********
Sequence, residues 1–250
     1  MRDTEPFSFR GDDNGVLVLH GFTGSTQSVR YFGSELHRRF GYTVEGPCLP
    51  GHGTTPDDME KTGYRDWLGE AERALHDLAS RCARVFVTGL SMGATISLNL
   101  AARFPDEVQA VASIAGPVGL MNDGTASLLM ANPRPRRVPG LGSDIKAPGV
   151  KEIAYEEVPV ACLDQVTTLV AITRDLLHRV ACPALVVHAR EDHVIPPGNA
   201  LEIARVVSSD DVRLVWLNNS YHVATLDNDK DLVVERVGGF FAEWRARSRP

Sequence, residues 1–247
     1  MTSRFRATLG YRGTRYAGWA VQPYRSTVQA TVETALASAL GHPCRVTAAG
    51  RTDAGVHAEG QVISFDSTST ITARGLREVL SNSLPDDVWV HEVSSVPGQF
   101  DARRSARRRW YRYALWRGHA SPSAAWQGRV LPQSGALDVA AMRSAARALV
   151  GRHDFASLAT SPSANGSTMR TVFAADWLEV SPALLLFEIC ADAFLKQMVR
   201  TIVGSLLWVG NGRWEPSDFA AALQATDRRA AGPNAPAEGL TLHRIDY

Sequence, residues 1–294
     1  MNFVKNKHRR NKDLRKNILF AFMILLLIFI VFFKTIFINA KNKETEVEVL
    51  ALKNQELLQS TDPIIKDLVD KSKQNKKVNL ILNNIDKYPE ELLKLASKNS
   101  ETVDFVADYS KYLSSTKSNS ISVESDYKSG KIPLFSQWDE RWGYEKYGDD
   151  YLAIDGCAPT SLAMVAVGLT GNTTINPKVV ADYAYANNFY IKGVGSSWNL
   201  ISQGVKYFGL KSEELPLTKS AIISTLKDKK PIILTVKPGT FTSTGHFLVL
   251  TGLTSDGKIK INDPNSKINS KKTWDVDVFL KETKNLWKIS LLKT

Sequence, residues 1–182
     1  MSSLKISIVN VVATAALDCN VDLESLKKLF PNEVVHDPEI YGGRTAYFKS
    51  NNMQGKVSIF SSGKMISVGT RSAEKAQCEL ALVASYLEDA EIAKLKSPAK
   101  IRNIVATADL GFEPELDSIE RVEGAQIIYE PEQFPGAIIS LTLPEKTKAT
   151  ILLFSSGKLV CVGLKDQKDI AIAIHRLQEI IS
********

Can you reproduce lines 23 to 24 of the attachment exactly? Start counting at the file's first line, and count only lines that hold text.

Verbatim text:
   101  IRNIVATADL GFEPELDSIE RVEGAQIIYE PEQFPGAIIS LTLPEKTKAT
   151  ILLFSSGKLV CVGLKDQKDI AIAIHRLQEI IS